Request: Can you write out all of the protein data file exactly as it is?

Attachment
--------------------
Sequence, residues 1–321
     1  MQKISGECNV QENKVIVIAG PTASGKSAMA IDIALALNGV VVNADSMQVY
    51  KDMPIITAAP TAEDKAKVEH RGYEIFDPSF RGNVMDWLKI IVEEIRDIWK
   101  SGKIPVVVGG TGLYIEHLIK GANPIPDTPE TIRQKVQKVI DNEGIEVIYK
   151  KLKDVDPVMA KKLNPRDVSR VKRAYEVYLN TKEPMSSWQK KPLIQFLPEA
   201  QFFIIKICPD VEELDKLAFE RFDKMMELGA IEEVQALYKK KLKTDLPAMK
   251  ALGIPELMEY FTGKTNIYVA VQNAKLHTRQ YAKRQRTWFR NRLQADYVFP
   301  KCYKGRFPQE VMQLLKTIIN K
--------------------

Sequence, residues 1–321
     1  MQKISGECNV QENKVIVIAG PTASGKSAMA IDIALALNGV VVNADSMQVY
    51  KDMPIITAAP TAEDKAKVEH RGYEIFDPSF RGNVMDWLKI IVEEIRDIWK
   101  SGKIPVVVGG TGLYIEHLIK GANPIPDTPE TIRQKVQKVI DNEGIEVIYK
   151  KLKDVDPVMA KKLNPRDVSR VKRAYEVYLN TKEPMSSWQK KPLIQFLPEA
   201  QFFIIKICPD VEELDKLAFE RFDKMMELGA IEEVQALYKK KLKTDLPAMK
   251  ALGIPELMEY FTGKTNIYVA VQNAKLHTRQ YAKRQRTWFR NRLQADYVFP
   301  KCYKGRFPQE VMQLLKTIIN K